The Myanmar army has denied it deliberately targeted a Kachin rebel camp in a mortar attack that killed 23 people.
The shell had been intended as a warning shot and was not aimed directly at the rebels, Kachin State's security minister, Col Than Aung, said.
The rebels have threatened to abandon ceasefire talks because of the attack.
Myanmar's government has been in peace negotiations with the Kachin and other ethnic rebel groups.
The BBC's Jonah Fisher in Yangon says the government will hope its statement will be enough to persuade the rebels to show up at the next round of talks in December.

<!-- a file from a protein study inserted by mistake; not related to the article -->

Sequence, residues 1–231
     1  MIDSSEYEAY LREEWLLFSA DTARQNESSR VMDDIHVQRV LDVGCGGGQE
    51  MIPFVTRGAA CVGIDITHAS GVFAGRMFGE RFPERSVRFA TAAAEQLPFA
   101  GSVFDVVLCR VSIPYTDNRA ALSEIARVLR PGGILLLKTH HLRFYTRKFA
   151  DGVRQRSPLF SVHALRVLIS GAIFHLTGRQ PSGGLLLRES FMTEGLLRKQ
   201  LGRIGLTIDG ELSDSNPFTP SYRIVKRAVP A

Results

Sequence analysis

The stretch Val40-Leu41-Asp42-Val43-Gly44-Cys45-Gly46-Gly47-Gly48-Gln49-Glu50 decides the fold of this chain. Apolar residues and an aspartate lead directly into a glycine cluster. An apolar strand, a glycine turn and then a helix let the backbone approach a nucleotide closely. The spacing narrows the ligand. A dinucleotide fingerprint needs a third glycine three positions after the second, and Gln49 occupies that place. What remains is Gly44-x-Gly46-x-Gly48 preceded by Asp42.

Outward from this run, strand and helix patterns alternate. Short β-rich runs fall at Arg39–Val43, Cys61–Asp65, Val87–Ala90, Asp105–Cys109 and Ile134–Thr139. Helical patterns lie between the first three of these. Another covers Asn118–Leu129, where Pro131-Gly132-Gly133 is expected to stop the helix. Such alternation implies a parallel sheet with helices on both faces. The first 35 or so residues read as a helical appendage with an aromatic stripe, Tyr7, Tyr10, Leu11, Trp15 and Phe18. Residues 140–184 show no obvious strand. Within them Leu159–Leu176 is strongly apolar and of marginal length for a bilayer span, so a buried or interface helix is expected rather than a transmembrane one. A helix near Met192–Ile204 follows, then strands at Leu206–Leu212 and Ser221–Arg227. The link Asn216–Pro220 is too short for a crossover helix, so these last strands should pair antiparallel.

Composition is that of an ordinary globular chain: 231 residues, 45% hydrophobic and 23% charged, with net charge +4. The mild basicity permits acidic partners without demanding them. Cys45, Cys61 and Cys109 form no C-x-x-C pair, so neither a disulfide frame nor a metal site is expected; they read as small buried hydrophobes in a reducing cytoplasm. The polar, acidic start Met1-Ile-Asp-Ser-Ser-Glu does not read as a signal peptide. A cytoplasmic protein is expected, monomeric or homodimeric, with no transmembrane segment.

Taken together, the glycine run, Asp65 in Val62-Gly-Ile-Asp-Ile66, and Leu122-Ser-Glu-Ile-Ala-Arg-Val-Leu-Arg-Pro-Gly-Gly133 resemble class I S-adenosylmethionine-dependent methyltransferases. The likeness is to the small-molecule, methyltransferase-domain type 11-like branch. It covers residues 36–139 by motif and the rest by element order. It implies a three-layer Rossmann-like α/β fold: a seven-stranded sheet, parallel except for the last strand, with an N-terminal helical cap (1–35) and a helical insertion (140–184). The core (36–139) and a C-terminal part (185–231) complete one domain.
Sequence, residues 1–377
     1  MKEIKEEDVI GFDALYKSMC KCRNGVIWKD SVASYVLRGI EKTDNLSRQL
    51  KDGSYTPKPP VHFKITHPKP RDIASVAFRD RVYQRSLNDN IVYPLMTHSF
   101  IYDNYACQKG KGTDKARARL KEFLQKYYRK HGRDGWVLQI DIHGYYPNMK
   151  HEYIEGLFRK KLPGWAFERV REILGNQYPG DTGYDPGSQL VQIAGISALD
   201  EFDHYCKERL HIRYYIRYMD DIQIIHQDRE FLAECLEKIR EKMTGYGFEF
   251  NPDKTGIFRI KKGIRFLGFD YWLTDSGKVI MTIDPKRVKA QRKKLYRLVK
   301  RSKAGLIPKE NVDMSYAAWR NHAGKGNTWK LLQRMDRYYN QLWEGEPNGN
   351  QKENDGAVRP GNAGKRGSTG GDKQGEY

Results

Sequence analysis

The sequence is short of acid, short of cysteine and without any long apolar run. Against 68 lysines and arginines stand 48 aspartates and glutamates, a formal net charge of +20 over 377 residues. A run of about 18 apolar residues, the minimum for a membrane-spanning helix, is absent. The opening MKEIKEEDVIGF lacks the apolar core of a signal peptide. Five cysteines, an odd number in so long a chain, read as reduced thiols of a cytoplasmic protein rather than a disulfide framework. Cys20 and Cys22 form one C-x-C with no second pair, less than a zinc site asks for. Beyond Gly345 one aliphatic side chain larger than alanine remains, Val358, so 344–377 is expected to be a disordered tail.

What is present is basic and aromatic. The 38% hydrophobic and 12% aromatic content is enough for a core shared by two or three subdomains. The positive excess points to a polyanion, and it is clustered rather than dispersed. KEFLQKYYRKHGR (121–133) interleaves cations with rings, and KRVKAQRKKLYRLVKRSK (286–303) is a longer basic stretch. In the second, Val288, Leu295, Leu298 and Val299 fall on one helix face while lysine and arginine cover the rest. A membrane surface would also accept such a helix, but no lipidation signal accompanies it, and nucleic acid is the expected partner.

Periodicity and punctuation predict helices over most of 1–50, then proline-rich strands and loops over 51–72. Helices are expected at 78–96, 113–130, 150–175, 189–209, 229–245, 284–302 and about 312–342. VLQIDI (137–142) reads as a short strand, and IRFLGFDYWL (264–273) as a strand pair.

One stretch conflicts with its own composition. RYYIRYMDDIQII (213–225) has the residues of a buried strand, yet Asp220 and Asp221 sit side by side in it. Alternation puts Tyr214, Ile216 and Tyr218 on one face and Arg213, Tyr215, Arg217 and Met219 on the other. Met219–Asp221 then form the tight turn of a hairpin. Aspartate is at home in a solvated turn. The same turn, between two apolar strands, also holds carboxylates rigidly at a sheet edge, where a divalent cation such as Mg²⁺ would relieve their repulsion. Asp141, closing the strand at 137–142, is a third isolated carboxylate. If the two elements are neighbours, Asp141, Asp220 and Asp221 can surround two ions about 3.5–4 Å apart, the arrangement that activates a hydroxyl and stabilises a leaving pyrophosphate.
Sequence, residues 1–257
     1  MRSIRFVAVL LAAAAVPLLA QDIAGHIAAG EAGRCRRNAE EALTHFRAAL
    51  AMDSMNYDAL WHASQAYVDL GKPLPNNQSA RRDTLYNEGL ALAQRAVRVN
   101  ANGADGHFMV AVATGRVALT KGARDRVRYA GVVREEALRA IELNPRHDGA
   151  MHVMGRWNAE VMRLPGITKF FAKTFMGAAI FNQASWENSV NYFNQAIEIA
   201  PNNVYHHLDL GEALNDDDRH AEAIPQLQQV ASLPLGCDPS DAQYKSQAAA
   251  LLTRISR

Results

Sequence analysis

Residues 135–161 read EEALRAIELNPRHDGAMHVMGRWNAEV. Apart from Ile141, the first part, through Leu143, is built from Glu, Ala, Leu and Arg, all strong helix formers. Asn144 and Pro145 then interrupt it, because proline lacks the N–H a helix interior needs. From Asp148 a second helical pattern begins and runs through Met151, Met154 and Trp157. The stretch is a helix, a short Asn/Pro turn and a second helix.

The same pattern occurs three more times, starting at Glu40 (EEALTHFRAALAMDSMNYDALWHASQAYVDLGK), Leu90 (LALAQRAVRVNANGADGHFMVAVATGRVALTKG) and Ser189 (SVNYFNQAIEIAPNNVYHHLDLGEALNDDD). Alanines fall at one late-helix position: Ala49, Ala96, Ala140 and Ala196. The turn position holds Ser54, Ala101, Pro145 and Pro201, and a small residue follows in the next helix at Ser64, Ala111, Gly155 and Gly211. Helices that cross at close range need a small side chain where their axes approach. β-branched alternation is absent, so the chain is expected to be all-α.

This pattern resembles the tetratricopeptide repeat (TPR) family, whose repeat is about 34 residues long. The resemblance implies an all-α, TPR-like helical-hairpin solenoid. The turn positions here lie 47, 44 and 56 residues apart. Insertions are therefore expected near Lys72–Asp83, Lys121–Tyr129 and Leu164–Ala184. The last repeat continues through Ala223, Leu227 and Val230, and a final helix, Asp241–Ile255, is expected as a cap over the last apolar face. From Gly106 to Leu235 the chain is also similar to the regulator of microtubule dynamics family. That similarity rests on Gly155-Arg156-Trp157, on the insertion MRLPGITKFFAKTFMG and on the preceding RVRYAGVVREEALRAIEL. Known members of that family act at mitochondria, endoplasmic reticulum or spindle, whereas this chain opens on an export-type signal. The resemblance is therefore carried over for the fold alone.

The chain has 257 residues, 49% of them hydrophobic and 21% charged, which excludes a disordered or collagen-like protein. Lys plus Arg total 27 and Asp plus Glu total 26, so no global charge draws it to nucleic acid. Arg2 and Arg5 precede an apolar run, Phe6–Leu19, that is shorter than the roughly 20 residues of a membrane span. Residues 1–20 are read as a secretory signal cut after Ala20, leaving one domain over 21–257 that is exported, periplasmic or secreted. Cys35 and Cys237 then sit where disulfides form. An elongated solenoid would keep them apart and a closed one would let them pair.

The attack took place on Wednesday, in the rebel stronghold of Laiza, bordering China.
A spokesman for the Kachin Independence Army told AP news agency that government troops fired from a nearby hilltop while the rebels were conducting military training.
He claimed at least 15 rebels were wounded and at least one Kachin villager was killed.
A 17-year truce with the government was broken in 2011. Sporadic fighting has taken place since then, despite talks aimed at restoring a ceasefire.
The Kachin rebels are among the last few ethnic insurgent groups still fighting the government, which has agreed to tentative peace deals with 14 other groups.
In May 2013, the Kachin rebels and the government reached a seven-point deal working towards a ceasefire and redeploying armed forces on both sides.
Tens of thousands of civilians have been displaced by the violence so far.
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